The renin-angiotensin system is a major regulator of blood pressure and has been implicated in the pathogenesis of hypertension. Angiotensinogen (AGT), the initiating substrate of the system has been genetically linked to hypertension. Two AGT gene variants in the promoter region of the gene have been associated with hypertension and hypertension sequelae. Both variants A-20C and G-217A exhibit increased transcriptional activity in cultured angiotensinogen-expressing cells. We provide compelling preliminary data suggesting that these two variants are functional and physiologically significant. We also provide compelling preliminary data implicating the differential binding of specific transcription factors to the -20 and -217 polymorphisms as the mechanistic explanation for differences in transcriptional activity. In this competitive renewal, we will test the hypothesis that the level of human AGT expression in liver and extra-hepatic tissues, in particular adipose tissue, is dictated by differential transcription factor binding to polymorphic sites in the AGT promoter. We further hypothesize that differential expression of AGT in tissues plays an important role in the regulation of arterial pressure, water and electrolyte homeostasis. We proposed four specific aims to test these novel hypotheses.
Aim 1 is to directly test the hypothesis that mice carrying the -20C allele of AGT when compared to mice carrying the -20A allele exhibit increased expression of AGT, increased recruitment of USF1/2 to the AGT promoter in chromatin, higher levels of circulating AGT and Ang-II, all resulting in elevated arterial pressure.
Aim 2 will test the hypothesis that AGT expression is regulated by the differential binding of USF1/2 to A-20C, and C/EBP2 and GR to G-217A, recruitment of these factors to the AGT promoter in chromatin, association with transcriptional co-activators, and by modifications to histone proteins which control the conformation and transcriptional state of chromatin.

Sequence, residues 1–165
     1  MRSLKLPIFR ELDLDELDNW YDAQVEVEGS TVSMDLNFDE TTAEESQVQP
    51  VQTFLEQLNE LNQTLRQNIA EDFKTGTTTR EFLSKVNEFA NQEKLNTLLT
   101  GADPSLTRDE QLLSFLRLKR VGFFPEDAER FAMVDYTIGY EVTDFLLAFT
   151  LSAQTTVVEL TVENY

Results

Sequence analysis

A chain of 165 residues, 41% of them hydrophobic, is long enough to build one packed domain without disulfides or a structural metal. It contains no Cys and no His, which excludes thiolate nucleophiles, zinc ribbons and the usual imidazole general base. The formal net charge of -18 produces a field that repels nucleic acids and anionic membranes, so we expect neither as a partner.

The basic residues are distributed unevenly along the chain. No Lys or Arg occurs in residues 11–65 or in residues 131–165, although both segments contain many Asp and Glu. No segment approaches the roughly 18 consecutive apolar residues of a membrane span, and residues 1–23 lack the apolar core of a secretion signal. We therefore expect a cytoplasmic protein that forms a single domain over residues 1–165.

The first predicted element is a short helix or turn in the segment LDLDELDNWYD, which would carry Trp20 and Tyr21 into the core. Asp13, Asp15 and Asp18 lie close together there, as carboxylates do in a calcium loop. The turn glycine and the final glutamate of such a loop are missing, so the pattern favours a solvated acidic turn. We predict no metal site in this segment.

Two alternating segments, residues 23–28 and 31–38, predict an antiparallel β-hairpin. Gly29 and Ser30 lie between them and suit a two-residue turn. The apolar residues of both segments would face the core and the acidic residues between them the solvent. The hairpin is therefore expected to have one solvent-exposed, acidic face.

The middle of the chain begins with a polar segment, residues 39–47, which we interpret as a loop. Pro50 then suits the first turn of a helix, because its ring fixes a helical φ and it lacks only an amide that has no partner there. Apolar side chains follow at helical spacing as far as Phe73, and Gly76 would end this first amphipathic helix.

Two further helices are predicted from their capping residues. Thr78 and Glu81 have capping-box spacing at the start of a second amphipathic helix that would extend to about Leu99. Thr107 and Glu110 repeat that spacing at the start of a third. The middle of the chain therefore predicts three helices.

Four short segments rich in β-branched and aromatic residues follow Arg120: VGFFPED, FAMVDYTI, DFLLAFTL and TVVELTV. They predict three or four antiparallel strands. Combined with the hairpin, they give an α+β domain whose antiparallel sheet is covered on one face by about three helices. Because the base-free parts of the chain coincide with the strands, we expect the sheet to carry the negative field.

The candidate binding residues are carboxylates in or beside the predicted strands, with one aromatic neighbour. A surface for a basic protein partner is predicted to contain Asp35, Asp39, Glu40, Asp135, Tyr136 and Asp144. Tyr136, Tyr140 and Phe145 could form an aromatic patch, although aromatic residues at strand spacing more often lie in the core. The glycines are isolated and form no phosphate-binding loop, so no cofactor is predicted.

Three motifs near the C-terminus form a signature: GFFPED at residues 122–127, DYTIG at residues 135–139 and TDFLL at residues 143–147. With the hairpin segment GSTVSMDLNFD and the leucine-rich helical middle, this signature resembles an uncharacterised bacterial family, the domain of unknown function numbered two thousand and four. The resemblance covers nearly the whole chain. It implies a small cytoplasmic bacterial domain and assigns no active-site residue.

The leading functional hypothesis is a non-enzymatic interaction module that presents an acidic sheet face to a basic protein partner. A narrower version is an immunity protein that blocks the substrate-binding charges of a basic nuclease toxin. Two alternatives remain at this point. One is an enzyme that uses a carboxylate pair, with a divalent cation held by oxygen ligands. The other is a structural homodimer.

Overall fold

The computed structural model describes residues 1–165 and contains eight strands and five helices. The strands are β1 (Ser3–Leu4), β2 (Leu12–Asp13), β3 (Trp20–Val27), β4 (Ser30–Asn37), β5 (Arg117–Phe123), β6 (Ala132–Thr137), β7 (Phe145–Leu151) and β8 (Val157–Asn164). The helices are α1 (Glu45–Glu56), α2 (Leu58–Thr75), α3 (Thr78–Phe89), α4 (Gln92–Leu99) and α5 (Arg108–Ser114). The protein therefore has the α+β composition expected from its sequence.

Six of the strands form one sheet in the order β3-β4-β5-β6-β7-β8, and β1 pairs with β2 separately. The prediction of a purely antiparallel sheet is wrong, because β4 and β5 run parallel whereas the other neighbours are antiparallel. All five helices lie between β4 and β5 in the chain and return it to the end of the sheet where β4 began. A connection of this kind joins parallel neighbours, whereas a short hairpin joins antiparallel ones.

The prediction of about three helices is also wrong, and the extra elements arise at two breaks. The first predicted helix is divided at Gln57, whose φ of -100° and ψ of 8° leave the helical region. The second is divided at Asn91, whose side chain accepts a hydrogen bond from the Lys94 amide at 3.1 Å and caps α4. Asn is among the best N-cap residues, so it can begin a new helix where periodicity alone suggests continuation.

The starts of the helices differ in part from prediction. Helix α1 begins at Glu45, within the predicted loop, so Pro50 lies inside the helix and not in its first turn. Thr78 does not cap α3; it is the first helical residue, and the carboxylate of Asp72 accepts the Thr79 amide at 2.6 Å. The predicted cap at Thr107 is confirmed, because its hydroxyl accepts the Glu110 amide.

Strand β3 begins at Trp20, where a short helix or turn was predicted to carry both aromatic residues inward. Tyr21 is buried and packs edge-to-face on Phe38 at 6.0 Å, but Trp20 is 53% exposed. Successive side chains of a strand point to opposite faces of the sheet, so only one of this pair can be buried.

Aim 3 will test the hypotheses that the level of mouse AGT expression is decreased in USF1-deficient and USF-2 deficient mice, the levels of -20C AGT are reduced to a greater degree than -20A AGT in USF1- and USF2-deficient mice, and the normal induction of AGT expression in response to a high fat diet in adipose tissue is blunted in USF1-deficient mice. Finally, in aim 4 we will add a new and exciting translational component to test the hypothesis that the level of AGT expression in human adipose tissue correlates with enhanced transcription factor binding to the A-20C and G-217A alleles in chromatin. These studies will allow us to address fundamental mechanisms by which polymorphisms linked to hypertension cause differential expression of AGT in cells and tissues;will provide novel and unique data on the mechanism of AGT regulation in an important and accessible human tissue (i.e. adipose tissue), and will examine the importance of allele-specific AGT production on arterial pressure.
The aims are based on our productivity, generation of robust preliminary data supporting both methods and hypotheses, and the realization of powerful genetic reagents to manipulate the human and endogenous mouse RAS in vivo.
The Angiotensinogen gene is the initiating substrate of the renin-angiotensin system and a major regulator of blood pressure. Angiotensinogen has been implicated in the pathogenesis of hypertension, and has been genetically linked to human essential hypertension. In this proposal, we will define the molecular mechanisms by which two variants in the angiotensinogen gene cause hypertension through studies of human cell lines, transgenic mouse models and human tissues.
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